The Possible Dream
Louisiana's Historic New Congressman Seems to Surprise Everyone but Himself

By Neely Tucker
Washington Post Staff Writer
Tuesday, December 30, 2008

NEW ORLEANS Anh "Joseph" Cao -- the hot new property in Congress, Mr. Upset, the first Vietnamese American elected to the U.S. House or Senate, the first Republican to win Louisiana's 2nd Congressional District since before Louis Armstrong was born -- is driving across this Gothic American bayou. He's relating how, as a Jesuit seminarian in the slums of Mexico nearly 20 years ago, he experienced a crisis of faith.

He was dispirited by how God could let such human misery exist, he says and then stops himself.

"Do you ever read Kierkegaard?" he asks.

Um, the 19th-century Danish philosopher is in our memory bank, but "Fear and Trembling" has not been on our coffee table for quite some time.

"Kierkegaard had this story about a man going through life. The man reached an abyss. He had to make what Kierkegaard called the leap of faith. In life's journey, you sometimes reach a level of uncertainty that you have to make such a leap.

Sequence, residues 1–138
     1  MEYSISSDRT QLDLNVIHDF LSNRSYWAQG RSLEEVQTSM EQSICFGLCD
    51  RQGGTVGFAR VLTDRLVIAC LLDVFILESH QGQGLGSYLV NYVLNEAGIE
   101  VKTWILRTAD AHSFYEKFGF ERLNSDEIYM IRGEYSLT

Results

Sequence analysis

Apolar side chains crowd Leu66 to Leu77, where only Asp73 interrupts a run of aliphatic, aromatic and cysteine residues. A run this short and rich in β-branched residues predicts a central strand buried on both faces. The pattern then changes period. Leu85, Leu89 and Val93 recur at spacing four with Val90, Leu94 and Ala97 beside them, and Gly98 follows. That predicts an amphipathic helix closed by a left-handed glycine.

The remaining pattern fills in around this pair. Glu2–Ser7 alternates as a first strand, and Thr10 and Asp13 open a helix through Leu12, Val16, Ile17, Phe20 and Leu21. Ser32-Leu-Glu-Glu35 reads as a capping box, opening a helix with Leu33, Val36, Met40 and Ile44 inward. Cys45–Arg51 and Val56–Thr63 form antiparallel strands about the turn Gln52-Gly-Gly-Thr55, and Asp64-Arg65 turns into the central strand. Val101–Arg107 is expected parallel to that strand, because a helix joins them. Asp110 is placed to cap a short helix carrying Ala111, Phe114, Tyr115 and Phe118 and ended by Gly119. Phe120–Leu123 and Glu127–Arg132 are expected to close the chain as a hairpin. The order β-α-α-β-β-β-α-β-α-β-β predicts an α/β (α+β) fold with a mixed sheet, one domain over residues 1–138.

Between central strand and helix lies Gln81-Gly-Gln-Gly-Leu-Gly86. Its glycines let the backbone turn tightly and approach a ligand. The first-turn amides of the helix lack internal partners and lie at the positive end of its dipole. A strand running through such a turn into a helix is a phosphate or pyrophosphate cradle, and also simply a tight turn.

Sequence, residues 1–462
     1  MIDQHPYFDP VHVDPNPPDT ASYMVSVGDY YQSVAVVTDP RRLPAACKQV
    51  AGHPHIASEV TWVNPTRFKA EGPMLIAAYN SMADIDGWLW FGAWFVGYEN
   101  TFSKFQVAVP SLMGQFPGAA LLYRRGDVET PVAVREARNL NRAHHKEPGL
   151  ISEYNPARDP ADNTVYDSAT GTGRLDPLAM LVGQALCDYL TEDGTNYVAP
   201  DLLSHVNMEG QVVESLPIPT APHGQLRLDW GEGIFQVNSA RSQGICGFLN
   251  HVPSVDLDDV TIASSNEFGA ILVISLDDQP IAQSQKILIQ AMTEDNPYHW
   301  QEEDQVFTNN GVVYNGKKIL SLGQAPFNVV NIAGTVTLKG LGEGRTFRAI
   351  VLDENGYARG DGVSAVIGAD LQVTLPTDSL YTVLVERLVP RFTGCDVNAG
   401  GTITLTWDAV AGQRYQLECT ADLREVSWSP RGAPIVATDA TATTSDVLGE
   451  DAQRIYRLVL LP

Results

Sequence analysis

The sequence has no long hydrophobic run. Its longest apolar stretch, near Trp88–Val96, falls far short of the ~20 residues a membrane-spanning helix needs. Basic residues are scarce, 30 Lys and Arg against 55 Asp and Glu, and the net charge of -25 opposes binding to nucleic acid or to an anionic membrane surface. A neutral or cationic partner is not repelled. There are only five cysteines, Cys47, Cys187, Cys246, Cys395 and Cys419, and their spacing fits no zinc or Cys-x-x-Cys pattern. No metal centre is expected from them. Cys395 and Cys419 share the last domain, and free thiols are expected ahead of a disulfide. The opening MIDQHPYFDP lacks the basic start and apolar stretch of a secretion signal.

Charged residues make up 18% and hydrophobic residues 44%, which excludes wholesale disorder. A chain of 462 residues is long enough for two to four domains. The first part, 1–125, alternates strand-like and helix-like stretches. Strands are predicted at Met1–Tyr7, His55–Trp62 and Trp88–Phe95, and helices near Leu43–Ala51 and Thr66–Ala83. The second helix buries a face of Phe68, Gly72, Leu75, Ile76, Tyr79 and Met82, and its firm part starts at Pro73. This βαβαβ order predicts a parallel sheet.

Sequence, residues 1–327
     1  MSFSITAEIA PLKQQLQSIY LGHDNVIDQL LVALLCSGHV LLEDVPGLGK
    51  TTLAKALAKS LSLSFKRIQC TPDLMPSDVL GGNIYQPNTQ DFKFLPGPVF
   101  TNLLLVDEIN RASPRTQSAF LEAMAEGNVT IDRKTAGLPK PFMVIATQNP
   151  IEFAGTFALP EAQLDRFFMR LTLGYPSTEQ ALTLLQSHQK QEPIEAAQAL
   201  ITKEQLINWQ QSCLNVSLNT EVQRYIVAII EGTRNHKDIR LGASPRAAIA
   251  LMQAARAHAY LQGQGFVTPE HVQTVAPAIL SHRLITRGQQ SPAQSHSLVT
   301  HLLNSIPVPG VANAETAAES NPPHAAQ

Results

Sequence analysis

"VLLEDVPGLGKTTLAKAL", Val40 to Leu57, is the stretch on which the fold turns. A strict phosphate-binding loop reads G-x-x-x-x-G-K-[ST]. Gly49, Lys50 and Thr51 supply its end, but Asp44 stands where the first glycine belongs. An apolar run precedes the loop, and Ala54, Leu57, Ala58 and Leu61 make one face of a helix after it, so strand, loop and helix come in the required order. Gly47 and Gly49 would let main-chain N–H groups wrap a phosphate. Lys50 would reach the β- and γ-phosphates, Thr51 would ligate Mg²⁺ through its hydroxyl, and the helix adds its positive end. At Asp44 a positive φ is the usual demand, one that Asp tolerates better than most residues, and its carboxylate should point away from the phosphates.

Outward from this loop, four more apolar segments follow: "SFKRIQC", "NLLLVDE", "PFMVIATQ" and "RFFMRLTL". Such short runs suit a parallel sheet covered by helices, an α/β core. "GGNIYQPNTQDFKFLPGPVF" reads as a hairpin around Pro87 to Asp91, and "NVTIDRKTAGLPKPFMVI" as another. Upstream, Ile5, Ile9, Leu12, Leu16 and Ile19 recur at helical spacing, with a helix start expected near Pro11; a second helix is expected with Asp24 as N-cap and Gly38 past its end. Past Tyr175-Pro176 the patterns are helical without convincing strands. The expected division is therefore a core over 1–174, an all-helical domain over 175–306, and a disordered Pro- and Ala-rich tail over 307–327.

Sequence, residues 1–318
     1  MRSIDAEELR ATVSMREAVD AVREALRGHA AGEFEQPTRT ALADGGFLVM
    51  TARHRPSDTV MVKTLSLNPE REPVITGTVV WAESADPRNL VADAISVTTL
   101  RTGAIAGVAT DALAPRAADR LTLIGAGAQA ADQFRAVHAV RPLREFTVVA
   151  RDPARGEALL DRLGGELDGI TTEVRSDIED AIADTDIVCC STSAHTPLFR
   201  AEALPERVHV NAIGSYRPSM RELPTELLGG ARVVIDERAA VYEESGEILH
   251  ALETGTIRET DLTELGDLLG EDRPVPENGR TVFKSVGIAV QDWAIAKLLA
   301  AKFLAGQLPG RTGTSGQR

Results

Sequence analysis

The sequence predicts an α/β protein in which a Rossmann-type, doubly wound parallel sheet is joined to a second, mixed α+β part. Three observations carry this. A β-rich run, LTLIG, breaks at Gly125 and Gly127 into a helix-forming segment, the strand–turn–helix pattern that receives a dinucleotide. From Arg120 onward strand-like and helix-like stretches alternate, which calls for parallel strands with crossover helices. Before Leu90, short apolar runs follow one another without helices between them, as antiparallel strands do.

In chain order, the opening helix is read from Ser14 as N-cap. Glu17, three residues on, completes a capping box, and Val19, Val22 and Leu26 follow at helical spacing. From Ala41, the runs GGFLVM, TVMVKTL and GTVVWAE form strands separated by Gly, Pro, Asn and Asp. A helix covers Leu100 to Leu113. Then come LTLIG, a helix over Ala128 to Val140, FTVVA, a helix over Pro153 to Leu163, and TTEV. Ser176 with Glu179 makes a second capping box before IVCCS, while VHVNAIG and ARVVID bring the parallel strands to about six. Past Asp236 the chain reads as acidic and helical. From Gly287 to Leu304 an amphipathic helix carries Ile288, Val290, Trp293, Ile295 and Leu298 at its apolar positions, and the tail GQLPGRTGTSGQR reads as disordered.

"That's what happened to me in Mexico. I was working in extremely poor conditions, and I wanted to promote social change. I came to believe, over the course of two or three years, that the best way to do that would be to enter public office. It would also allow me to have a family -- the celibate life can be quite lonely. So I drafted a course of action for myself to enter politics. But it was a quite painful discernment. It implied I would have to leave the seminary. I would have to start life over again. I would have to make that leap of faith."